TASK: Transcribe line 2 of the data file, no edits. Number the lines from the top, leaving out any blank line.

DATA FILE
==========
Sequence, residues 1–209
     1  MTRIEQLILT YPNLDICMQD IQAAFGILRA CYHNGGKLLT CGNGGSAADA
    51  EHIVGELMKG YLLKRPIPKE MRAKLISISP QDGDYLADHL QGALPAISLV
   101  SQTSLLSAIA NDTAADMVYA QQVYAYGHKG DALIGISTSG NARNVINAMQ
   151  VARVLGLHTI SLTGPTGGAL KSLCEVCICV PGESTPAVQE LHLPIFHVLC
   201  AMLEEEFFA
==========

     1  MTRIEQLILT YPNLDICMQD IQAAFGILRA CYHNGGKLLT CGNGGSAADA